Drop checker question - The Planted Tank Forum
 
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post #1 of 12 (permalink) Old 01-27-2008, 02:50 AM Thread Starter
 
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Drop checker question

I know, here we go again with the girl that is too dumb to figure out a drop checker.

Someone turn the on for me.

I bought this drop checker
http://cgi.ebay.com/ws/eBayISAPI.dll...m=360014659038

I rinsed the glass dc out with distilled water twice. I filled the glass bulb 2/3 full. I then added 3 drops of the solution and then 2 more for a total of 5.

What color should I be seeing? I bet you are going to say, "blue". That would be my guess as well, but it is dark green and stays dark green for hours!!!!
Tap water will turn it blue and so will my tank water.

This is my second drop checker so it is something on my end that I am doing wrong. I have followed the incredibly elementary directions to a "T". I am not getting why I am having such a major dilemma over something so incredibly simple. Kind of like trying to figure out what 1+1 is.

Does the 4dKH solution change if frozen?

I am so embarrassed to be having this problem and bugging you all.
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post #2 of 12 (permalink) Old 01-27-2008, 02:59 AM
 
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Originally Posted by kana View Post
I rinsed the glass dc out with distilled water twice. I filled the glass bulb 2/3 full. I then added 3 drops of the solution and then 2 more for a total of 5.
Just to be clear, you filled the bulb 2/3 full with what and added five drops of what? The correct way would be to fill 2/3 with 4 dKH water and five drops of pH indicator dye.

No reason to be embarrassed unless you're a chemist or something.
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post #3 of 12 (permalink) Old 01-27-2008, 03:04 AM Thread Starter
 
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I filled it 2/3 with distilled water and 5 drops of the indicator solution that came with it.
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post #4 of 12 (permalink) Old 01-27-2008, 03:14 AM
 
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I filled it 2/3 with distilled water and 5 drops of the indicator solution that came with it.
Well, there's the issue. Rinsing with distilled water is good (though I dunno if it's necessary) but filling it with distilled water is not.

I'm not sure what's in the indicator solution that came with your drop checker. Does it say anything descriptive on the bottle? I would hope it's 4 dKH water with a pH dye (bromothymol blue) in it. If that's the case, then you'd fill the drop checker with the indicator solution and nothing else.

It's also possible that the stuff that came with your drop checker isn't 4 dKH water with pH dye. I haven't kept a close watch on what's going on, but I swear I've come across threads where people's issues are traced back to an improperly made indicator solution that came with their kit.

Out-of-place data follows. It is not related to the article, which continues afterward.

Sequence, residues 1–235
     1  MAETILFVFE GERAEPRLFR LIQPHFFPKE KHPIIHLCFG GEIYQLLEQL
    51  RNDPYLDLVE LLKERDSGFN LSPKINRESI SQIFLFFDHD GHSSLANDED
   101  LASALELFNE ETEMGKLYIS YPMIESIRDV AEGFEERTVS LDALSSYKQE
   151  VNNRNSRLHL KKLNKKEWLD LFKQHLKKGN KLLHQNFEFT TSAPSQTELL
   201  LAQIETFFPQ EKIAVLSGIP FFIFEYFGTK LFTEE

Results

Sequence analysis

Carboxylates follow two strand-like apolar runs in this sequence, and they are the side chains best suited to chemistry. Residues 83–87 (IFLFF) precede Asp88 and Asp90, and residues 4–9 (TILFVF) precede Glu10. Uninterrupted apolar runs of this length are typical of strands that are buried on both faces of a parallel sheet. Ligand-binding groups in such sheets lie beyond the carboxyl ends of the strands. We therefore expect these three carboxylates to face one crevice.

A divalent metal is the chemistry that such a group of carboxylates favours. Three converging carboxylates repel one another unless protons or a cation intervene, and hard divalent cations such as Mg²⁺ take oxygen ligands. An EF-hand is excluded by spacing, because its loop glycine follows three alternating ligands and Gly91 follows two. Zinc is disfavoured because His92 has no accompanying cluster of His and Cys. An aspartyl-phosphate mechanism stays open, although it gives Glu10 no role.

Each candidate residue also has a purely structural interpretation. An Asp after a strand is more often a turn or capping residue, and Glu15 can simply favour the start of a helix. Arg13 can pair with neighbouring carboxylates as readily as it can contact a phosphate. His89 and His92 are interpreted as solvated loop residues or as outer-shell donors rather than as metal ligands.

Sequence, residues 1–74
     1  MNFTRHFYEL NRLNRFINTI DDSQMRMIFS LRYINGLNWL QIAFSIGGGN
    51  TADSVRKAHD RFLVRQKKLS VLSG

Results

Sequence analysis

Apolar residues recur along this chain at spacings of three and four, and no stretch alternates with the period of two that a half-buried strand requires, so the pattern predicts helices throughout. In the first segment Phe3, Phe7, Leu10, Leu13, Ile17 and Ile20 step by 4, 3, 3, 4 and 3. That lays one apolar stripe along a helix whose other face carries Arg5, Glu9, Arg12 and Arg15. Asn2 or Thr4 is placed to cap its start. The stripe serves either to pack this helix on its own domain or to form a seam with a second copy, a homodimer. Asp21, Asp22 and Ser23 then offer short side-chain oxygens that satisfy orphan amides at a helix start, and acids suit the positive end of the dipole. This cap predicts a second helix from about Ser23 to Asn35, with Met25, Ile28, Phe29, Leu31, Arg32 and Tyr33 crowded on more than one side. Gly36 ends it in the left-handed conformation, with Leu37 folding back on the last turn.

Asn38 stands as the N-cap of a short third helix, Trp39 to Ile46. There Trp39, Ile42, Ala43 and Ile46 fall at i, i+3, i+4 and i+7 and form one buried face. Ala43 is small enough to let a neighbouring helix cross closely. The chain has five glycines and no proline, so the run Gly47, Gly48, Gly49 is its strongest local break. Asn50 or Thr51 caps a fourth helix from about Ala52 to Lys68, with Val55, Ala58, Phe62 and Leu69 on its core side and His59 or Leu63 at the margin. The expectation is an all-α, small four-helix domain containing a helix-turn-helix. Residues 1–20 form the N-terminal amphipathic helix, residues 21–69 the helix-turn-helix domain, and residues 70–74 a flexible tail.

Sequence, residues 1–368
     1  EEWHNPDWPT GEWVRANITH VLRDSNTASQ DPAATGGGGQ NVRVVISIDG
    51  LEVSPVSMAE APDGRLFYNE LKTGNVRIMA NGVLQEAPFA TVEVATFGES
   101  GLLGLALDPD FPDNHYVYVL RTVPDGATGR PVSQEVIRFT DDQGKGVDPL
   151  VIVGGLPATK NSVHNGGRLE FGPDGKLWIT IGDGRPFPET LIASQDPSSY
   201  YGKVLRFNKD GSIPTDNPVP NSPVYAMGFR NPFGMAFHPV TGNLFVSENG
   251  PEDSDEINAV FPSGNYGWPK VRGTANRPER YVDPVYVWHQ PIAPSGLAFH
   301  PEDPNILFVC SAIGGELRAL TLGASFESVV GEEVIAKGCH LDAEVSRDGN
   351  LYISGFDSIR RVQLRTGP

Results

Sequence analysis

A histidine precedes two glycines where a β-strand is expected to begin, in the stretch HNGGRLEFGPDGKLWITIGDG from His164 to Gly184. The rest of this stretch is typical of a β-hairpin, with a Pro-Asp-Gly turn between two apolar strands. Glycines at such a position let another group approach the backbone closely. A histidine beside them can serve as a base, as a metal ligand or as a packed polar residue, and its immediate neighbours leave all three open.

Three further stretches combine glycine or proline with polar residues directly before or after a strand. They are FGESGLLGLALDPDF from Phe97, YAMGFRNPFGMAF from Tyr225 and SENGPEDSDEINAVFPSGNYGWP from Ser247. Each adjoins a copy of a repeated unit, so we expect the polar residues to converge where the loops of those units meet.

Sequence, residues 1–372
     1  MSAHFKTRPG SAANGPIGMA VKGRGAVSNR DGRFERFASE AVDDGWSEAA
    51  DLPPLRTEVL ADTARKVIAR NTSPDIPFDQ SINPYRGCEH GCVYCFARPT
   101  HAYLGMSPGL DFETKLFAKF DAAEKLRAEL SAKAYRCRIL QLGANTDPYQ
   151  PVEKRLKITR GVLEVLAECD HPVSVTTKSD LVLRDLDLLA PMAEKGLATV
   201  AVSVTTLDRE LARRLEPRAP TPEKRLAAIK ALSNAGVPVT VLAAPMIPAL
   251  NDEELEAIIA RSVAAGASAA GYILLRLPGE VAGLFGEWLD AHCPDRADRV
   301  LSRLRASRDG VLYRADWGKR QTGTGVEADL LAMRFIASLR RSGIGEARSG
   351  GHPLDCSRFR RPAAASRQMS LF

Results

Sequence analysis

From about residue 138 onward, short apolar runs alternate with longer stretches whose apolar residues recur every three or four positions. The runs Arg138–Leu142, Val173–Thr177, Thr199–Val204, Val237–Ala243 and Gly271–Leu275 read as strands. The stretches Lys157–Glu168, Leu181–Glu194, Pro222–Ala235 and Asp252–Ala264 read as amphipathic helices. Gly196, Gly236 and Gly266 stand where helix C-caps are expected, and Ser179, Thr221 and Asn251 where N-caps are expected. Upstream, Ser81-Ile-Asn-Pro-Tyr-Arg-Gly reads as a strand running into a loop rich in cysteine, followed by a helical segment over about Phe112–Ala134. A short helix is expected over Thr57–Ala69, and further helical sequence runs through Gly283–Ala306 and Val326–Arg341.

Edit: I just looked at the ebay auction. You were following their directions when you used distilled water! Those directions are bogus.
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post #5 of 12 (permalink) Old 01-27-2008, 04:32 AM
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I think the idea was to have >4dkH solution and then dilute with distilled, but that's not a very good idea. 2/3 is pretty hard to gauge, as well as giving a range of 3-5 drops. 2 drops would make quite a large change.

I would see if you can get your hands on some real 4dkH solution.

Also, please note this is the same guy on aquabid selling 1,000 dollar CRS. I've heard some not very nice things about him. Not my own experience, just putting it out there.

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post #6 of 12 (permalink) Old 01-27-2008, 04:41 AM
 
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It is a shame that some E-Bay sellers don't include the proper solution and directions with their drop checkers. I mean why include a solution that will not work or give false results.

Kana, for what it's worth, I made the same mistake, before I discovered how easy it was to make your own solution that will last a lifetime. You still need to buy and add a PH test solution as per directions on this step by step. But overall, it is 100% cheaper to still make your own than buy a commercially prepared one. And you don't need graduated cylinders, a measuring cup will work fine. Here is the step by step on how to make the proper solution to use with your drop checker. I have tested this solution side by side against commercially bought ones and they both tested equal in terms of accuracy.